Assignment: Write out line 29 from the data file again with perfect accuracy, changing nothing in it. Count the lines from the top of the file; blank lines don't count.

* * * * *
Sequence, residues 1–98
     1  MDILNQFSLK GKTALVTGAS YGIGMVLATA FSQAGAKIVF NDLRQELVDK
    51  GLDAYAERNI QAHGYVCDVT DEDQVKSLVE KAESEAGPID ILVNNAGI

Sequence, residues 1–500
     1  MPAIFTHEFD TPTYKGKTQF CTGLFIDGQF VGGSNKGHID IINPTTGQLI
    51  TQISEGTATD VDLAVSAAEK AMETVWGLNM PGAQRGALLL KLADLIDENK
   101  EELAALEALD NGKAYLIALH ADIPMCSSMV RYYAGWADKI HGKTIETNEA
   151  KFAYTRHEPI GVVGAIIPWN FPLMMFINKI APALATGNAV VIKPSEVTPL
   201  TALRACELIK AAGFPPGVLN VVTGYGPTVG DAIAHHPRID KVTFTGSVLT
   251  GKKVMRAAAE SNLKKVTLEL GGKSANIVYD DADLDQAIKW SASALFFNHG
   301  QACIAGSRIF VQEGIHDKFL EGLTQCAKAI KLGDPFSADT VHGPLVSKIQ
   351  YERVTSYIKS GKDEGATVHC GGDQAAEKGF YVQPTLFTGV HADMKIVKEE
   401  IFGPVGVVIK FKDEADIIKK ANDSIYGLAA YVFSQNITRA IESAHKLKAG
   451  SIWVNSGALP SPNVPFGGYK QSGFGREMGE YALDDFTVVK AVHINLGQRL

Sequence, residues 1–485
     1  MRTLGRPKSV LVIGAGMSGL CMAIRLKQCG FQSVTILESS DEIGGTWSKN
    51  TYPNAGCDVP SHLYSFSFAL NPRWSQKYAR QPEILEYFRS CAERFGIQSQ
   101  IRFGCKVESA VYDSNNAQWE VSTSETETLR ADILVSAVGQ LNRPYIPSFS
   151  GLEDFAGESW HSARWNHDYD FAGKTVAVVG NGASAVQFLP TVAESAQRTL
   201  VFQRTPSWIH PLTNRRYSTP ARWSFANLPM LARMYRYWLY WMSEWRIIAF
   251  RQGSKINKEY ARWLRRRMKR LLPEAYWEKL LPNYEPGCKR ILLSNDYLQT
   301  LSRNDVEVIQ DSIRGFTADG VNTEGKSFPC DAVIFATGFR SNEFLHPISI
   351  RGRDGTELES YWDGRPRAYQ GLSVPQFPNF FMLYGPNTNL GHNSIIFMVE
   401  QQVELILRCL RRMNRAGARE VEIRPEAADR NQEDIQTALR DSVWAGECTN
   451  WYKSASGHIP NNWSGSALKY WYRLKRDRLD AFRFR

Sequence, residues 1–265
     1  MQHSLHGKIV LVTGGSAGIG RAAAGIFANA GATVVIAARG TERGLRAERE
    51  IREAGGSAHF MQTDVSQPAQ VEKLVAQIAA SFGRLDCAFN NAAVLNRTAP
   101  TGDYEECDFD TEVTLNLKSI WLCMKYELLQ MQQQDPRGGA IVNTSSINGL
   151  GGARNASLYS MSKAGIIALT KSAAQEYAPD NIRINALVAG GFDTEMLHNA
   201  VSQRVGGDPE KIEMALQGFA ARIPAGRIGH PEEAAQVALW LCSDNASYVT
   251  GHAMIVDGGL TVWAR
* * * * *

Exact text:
   101  TGDYEECDFD TEVTLNLKSI WLCMKYELLQ MQQQDPRGGA IVNTSSINGL